- The Washington Times - Thursday, April 26, 2007

DES MOINES, Iowa (AP) - Former Virginia Gov. Jim Gilmore on Thursday entered the race for the Republican presidential nomination with an Internet-driven announcement he said allows him to talk directly to voters.

“This is going to be something unique in American politics and something I think is the wave of the future, which is the chance to talk directly to the people as we develop the campaign through the Internet,” Gilmore said.

Gilmore made his announcement in a Webcast originating from the Republican Party of Iowa headquarters in Des Moines and sent out over his campaign’s Web site.

Gilmore offered a sharply conservative theme that he said distanced him from GOP rivals who are better known and financed.

“This is a campaign about national security and the security of Americans everywhere,” Gilmore said.

He said his campaign would focus on “getting this country ready for an attack that will inevitably come and getting it prepared.”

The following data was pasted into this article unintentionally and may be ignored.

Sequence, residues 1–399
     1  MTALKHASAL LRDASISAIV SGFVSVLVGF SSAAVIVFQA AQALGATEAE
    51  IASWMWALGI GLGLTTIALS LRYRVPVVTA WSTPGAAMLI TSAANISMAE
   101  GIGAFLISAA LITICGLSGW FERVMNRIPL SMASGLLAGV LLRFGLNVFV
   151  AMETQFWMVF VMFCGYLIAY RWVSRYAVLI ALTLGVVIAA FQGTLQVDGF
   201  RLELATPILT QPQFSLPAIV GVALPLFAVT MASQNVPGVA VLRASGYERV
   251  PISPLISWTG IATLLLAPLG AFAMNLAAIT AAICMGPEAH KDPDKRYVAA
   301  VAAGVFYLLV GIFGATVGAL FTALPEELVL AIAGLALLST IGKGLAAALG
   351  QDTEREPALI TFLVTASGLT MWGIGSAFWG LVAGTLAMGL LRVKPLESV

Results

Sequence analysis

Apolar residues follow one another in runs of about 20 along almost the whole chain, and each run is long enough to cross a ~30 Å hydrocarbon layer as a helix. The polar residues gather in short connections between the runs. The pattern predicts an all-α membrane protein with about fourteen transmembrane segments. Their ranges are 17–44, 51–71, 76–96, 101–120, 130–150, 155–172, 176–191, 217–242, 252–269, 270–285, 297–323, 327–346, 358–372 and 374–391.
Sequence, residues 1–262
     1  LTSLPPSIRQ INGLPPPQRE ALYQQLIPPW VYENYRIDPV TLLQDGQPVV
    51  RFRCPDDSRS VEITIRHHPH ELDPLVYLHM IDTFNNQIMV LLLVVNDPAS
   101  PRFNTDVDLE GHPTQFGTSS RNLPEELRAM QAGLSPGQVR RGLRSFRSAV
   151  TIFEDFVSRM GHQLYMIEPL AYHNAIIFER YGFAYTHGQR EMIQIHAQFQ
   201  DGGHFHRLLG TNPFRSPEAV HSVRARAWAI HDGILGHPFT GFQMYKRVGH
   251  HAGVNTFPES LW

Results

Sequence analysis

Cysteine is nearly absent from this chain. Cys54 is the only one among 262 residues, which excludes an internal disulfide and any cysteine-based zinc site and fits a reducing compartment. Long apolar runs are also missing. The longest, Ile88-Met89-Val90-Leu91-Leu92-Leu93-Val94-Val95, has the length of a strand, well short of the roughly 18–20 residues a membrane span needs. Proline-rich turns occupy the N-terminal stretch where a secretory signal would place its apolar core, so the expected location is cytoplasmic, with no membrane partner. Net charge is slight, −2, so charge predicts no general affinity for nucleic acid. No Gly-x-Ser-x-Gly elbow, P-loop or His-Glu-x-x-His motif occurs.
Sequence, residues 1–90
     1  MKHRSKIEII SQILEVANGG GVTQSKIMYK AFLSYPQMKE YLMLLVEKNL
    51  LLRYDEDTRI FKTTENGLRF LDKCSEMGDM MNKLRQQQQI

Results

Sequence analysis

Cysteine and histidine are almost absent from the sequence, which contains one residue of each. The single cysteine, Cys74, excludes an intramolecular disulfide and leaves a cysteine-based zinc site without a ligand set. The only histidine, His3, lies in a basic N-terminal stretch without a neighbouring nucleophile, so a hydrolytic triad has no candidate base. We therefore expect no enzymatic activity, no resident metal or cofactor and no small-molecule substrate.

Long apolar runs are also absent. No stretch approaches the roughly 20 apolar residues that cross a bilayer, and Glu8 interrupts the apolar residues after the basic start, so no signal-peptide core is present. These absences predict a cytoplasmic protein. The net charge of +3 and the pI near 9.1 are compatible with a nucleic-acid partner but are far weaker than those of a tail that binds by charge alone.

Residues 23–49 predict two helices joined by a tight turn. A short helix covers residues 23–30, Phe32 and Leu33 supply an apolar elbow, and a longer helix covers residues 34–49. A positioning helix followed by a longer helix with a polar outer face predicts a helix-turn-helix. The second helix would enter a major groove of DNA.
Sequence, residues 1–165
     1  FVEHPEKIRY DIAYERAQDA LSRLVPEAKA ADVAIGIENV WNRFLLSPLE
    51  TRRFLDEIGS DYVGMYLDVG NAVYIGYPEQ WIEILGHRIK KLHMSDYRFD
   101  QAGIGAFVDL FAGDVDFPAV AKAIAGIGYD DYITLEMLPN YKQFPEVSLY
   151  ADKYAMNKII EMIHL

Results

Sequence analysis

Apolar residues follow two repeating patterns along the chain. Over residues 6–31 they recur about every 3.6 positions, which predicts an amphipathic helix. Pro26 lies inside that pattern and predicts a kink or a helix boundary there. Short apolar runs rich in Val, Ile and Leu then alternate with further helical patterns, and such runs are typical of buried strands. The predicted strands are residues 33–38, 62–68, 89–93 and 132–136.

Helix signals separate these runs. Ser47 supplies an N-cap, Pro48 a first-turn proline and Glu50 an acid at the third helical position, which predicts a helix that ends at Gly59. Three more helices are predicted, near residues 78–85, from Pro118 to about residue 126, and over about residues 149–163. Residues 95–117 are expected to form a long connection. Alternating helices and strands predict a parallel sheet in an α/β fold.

In an interview, Gilmore said his appeal would grow as he draws distinctions with his rivals.

“The best way to deal with this is to enter the campaign, to begin to engage solidly on the basis of ideas and record,” he said. “This is an opportunity for a conservative to enter the race.”

Gilmore singled out former New York City Mayor Rudy Giuliani, former Massachusetts Gov. Mitt Romney and Arizona Sen. John McCain - the candidates most consider the top tier of the GOP field.

“I don’t think Mayor Giuliani has even suggested he’s a conservative,” said Gilmore. “Senator McCain has not made his reputation as a conservative. He’s made it as a maverick.”

He said Romney is seeking to shift his views to offer himself as a conservative, but that won’t work.

“The difference is he is attempting to shift into becoming a conservative,” Gilmore said.

While Gilmore made his announcement in Iowa, where precinct caucuses traditionally launch the presidential nominating season, he has little campaign organization in the state. Many of his competitors have built large staffs and deployed organizers across the state.

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